Last week, I cast my vote for Joe Biden. While I never doubted that I would vote for whomever the Democratic candidate turned out to be, among a crowded field, Biden was not my first choice. Or my second choice. (I did prefer him to Bloomberg, but that’s damning with the faintest praise.) The more I’ve thought about what a Biden presidency might look like, though, the more I’ve started to feel something like hope. I have hope that a Biden-Harris administration could transcend its lukewarm promise to Build Back Better, and use the rotten carcass of the last four years to fertilize a radical new country.

I was a strident Bernie Sanders supporter throughout the primaries, largely because I believe Medicare for All is the only humane healthcare system. While Biden’s plan to build on the Affordable Care Act, “giving Americans more choice, reducing health care costs, and making our health care system less complex to navigate,” is, I believe, nowhere near radical enough, I am heartened by the fact that Harris was a cosponsor of Sanders’ healthcare bill. It is not insignificant to me that Biden chose for his running mate one of the few candidates willing to say the words “Medicare for All.”

When it comes to the climate emergency, too, I see reason for optimism in a Biden presidency. He calls the Green New Deal a “crucial framework for meeting the climate challenges we face.” While he has publicly stated that the Green New Deal is “not [his] plan,” he has pledged to invest $2 trillion over the next four years to combat climate change—a significant increase from the $1.7 trillion over 10 years he initially pledged. This shift reveals something crucial about Biden: his willingness to learn, and to recalibrate. (Just imagine what Alexandria Ocasio-Cortez will be able to accomplish under an administration that listens to her.)

There are plenty of other aspects of Biden’s platform—raising the federal minimum wage to $15/hour! Paid family and medical leave! Defending abortion access nationwide!—that give me hope for his presidency. Biden may have been the moderate choice, but many journalists have pointed out that his perceived centrism belies a surprisingly progressive agenda. But it’s not only Biden’s proposed policies that made me feel genuinely good about casting my vote for him; it’s also the knowledge that there is a critical mass of Americans who intend to hold him accountable.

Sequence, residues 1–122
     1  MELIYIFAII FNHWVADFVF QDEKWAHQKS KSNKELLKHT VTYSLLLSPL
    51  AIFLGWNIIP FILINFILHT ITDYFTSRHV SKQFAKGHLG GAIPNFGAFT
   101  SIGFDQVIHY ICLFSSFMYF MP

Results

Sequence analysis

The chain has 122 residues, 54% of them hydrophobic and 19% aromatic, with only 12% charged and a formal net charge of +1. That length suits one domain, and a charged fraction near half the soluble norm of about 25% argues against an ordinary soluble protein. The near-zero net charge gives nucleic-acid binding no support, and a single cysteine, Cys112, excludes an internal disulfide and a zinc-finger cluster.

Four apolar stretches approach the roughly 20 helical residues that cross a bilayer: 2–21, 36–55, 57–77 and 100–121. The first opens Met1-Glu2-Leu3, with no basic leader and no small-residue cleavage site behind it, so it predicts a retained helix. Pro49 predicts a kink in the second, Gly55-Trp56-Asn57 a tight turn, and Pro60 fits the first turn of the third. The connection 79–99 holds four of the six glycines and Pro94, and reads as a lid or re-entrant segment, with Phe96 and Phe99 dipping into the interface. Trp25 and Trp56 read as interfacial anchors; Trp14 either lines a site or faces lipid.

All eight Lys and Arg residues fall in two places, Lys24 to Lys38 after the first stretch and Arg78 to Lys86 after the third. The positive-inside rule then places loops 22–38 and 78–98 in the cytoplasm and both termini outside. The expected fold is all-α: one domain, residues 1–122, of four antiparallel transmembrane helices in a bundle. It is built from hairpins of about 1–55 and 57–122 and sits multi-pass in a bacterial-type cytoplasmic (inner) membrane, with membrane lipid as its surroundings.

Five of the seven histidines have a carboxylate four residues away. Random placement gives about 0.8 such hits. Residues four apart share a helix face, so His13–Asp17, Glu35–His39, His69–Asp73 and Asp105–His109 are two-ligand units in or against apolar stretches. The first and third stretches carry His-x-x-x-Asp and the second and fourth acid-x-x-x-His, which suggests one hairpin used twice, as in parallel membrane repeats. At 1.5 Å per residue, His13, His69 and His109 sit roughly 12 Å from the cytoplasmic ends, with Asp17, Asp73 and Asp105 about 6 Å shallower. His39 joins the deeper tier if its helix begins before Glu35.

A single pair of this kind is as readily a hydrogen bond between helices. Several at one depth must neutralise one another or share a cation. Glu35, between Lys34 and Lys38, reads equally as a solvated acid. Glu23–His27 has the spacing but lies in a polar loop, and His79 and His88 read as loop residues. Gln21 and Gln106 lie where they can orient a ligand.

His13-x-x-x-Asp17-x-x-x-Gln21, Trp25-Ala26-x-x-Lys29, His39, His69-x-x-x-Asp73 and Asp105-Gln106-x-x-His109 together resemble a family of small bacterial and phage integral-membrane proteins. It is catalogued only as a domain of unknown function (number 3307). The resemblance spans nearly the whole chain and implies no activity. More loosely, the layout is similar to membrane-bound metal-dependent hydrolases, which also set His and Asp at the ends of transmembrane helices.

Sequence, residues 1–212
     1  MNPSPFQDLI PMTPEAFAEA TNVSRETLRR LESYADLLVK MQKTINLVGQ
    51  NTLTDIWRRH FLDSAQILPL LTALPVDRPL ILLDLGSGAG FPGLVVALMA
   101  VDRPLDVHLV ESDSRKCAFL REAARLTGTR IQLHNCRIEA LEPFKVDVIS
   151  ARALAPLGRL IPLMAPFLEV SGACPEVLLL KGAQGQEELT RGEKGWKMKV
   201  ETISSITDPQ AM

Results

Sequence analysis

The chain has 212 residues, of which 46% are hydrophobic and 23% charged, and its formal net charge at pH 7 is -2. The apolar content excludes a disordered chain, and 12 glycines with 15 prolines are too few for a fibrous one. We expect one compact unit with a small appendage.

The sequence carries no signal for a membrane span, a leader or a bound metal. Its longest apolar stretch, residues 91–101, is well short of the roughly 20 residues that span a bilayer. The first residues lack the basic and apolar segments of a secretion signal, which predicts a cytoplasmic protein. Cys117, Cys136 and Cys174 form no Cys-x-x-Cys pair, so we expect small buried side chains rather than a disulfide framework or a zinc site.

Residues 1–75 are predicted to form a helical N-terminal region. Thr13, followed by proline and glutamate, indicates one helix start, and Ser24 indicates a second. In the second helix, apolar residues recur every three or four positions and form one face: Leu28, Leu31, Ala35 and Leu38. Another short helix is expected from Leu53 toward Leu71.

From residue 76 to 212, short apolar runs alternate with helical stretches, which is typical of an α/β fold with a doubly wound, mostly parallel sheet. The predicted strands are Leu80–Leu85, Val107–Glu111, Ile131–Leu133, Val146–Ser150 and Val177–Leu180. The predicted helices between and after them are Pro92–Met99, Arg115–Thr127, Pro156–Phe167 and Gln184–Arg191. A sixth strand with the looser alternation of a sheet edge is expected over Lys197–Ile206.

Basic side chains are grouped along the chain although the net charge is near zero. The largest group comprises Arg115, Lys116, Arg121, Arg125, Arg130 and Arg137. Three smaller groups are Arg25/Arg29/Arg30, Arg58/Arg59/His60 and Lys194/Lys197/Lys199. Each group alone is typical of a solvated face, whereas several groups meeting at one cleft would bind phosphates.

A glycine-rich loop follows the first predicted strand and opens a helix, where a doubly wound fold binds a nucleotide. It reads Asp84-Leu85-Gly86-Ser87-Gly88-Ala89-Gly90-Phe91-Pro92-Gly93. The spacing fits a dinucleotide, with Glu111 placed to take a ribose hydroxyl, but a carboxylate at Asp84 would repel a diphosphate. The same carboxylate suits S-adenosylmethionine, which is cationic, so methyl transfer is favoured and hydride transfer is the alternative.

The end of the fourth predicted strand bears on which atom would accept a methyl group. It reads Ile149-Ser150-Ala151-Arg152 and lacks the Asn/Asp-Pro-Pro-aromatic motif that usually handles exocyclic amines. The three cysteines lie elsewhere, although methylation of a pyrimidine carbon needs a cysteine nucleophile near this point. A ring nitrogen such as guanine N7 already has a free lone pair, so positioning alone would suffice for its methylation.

In a recent speech in support of Biden, President Obama said “Joe and Kamala, when they’re in office, you’re not going to have to think about them every single day.” He was, of course, comparing them to Trump, and making the point that they have, you know, impulse control. The line was played for laughs, because of course neither Biden nor Harris would go on a Twitter rampage, retweeting white supremacists’ compliments. Something the last four years have taught us, though, is to pay attention not just to Trump’s barrage of hatred and lies, but to the less flamboyant misdeeds of politicians.

The past six months have seen unprecedented numbers of Americans protesting the murderous racism of the police as an institution—a position that many white people considered untouchably radical not long ago. That mobilization was not only a symptom of Trump. Yes, there are plenty of Biden voters eager to return to lives of minimal political engagement—the Back to Brunch 2020 Biden voters. But there is a larger number than ever before—and I count myself among them–who will refuse to check out just because the president is One of Us.

In 2008, Barack Obama campaigned on the promise—and power—of hope. Twelve years later, hope can feel like a sign of naïvity, or privilege, or even foolishness. But when that hope comes with an awareness of the action required to carry it to fruition, hope becomes powerful. I wish deeply for Joe Biden’s presidency to prove my early skepticism wrong. I am ready to hope.

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